The Joplin Globe, Joplin, MO

Local News

December 23, 2012

Susan Redden:Lawmakers look at laws on guns in public schools

JOPLIN, Mo. — Many Missouri residents, along with those in other states, observed a moment of silence Friday morning to remember those who were shot to death Dec. 14 at Sandy Hook Elementary School in Newtown, Conn.

Some state lawmakers are going beyond that and looking at legislation that they say might prevent such massacres in the future.

State Rep. Mike Kelley, a Republican from Lamar, has pre-filed a bill that would allow teachers and administrators to carry concealed firearms at school if they have a concealed-carry permit.

Twenty-four lawmakers have signed on as bill co-sponsors, including House Speaker Tim Jones, R-Eureka, and Rep. John Diehl, of Town and Country, who is majority floor leader. State Reps. Bill Lant, of Joplin, and Bill Reiboldt, of Neosho, also are co-sponsors.

Support by House leadership should increase the prospects of the measure. Kelley said that if it advances, he would offer an amendment that would require that concealed firearms be kept on the teacher or administrator at all times.

He said the measure would not force school staff members to carry guns but would provide an option for those who have the valid permits.

According to the Missouri School Boards’ Association, firearms can be carried on school property by a person with a concealed-carry permit and with permission from the school board, or by a person who carries the weapon as part of his official duties.

State Rep. Bill White, R-Joplin, said another option under discussion is allowing school officials to go through appropriate training that would authorize them to carry weapons as “deputy” law enforcement officers.

White said he did not know if the idea had been proposed in legislation, but it was discussed at the Capitol during the majority caucus a week ago.

“My preference would be for armed police officers in every school, but there isn’t the budget for that,” he said. “I would hope that the school district could offer a financial incentive for workers who get the extra training.”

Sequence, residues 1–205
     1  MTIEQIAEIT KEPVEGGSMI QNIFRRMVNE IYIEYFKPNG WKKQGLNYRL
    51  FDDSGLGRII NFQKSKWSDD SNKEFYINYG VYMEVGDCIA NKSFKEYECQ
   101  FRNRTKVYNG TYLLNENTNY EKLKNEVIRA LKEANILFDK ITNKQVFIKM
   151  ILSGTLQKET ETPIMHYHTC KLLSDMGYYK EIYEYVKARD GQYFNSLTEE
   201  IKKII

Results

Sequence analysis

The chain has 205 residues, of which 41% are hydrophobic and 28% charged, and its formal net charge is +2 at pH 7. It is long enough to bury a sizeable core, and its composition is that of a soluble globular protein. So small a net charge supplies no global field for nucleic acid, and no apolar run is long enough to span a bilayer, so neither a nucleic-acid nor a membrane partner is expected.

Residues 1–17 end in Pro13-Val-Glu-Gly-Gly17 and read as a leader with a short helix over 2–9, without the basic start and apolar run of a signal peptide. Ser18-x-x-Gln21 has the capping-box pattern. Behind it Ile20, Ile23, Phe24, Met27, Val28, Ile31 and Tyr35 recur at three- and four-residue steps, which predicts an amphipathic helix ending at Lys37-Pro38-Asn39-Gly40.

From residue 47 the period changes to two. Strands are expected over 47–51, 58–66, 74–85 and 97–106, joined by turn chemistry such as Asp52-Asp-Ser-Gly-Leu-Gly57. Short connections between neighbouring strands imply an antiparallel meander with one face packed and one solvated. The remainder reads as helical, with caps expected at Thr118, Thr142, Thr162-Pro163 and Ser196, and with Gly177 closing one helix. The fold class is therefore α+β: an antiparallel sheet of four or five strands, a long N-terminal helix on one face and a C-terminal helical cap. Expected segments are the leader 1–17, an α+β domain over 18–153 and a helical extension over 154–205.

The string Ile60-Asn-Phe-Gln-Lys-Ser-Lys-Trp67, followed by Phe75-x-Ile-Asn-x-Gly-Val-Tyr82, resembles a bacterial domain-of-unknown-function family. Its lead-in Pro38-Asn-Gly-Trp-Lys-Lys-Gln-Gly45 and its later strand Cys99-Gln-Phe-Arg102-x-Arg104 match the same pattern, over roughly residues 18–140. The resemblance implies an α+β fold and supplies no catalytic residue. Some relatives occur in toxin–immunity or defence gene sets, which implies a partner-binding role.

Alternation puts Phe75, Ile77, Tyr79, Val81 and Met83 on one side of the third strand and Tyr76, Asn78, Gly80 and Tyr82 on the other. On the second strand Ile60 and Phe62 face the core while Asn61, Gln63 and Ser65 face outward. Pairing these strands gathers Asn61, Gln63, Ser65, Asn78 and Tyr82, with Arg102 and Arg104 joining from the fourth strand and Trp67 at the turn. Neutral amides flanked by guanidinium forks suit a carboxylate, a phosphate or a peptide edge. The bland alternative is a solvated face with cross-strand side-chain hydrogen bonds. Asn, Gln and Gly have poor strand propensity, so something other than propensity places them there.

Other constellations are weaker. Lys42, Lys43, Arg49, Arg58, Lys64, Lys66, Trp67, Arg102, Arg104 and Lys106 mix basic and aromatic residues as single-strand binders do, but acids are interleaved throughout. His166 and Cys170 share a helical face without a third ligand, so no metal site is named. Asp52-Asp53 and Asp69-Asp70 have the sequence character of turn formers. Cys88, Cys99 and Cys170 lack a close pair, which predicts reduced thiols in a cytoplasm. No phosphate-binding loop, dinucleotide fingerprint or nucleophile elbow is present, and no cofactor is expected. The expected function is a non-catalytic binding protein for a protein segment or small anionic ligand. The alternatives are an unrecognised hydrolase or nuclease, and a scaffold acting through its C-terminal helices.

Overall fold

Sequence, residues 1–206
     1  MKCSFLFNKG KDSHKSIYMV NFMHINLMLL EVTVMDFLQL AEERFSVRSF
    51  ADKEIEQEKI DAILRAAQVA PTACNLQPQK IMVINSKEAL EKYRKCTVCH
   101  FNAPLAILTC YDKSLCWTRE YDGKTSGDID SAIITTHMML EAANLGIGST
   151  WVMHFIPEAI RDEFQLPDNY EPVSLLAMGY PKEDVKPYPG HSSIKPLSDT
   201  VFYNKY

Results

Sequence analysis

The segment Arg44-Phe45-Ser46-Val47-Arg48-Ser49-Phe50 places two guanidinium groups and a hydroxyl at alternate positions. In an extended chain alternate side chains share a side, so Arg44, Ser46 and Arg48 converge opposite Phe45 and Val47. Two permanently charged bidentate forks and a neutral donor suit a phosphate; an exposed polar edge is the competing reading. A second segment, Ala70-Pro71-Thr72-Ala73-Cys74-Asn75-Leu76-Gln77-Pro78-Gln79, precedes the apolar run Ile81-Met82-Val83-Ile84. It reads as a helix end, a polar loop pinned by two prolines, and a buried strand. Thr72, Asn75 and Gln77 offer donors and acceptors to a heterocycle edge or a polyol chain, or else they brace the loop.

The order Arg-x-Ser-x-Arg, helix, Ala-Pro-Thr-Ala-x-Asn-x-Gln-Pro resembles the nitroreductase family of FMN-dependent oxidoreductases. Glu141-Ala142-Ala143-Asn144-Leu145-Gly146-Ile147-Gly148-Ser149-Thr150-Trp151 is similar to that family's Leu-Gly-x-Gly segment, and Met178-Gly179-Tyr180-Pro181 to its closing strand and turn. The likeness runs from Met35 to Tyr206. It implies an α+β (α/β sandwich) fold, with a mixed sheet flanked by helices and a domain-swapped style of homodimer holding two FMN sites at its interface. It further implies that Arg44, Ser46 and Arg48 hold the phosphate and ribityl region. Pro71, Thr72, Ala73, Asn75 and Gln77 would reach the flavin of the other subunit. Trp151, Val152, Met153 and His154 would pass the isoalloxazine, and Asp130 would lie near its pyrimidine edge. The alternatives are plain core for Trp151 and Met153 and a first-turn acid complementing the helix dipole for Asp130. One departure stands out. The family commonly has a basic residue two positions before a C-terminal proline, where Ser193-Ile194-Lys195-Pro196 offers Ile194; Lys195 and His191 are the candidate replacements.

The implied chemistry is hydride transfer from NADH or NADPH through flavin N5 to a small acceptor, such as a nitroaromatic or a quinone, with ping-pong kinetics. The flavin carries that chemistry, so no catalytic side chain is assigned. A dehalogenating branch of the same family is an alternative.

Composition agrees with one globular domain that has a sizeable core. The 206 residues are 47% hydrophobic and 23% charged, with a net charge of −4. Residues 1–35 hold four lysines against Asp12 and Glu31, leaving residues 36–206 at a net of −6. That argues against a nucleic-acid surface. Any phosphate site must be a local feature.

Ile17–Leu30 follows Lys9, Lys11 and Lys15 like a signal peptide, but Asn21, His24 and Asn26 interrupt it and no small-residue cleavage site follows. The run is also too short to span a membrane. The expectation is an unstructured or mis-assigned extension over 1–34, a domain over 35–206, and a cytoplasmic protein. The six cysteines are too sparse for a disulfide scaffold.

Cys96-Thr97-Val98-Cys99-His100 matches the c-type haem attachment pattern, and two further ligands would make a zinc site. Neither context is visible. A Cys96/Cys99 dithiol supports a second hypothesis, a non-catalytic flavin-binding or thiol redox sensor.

White taught at McAuley Catholic High School in Joplin for seven years and remembers the drills that were held in the wake of the school shootings in 1999 in Columbine, Colo. He said he has a concealed-carry permit and has gone through the same sort of tactical training he would envision for school officials.

“It would be the sort of training that would allow them to be an auxiliary officer,” he said. “It would go beyond the basic shooting on the range, and get into studying situations and scenarios and what to do in a confrontation with someone who is armed.”

White said he thinks the training might be better for school administrators or other staff members, rather than classroom teachers.

Formerly an attorney with the Jasper County juvenile program, White said the shootings in Connecticut also are a reminder that the state must provide the resources needed for those with mental health problems.

“I believe in the least restrictive environment, but too often, people can’t get the help they need until they become violent,” he said.


Jim Thomas, a Joplin native and a three-time Democratic candidate for Congress, died last week at his home in Branson at the age of 87.

Thomas, who is credited with helping Branson become an entertainment mecca, owned an appliance store in Joplin. He later operated a nightclub in Joplin. He said he started his business career as a shoeshine boy at the old city market in Joplin.

He ran for Congress from Missouri’s 7th District three times, including a bid in 1964 when he got 48 percent of the vote in a narrow loss to incumbent Durward Hall.

He ran unsuccessfully for the U.S. Senate in 1994. At the time, he was a Branson businessman and theater owner, and he was introduced for a stump speech in Joplin by entertainer Mickey Gilley.

SUSAN REDDEN is a staff writer for the Globe. She can be reached at or 417-623-3480, ext. 7258. Follow her on Twitter @Susan_Redden.

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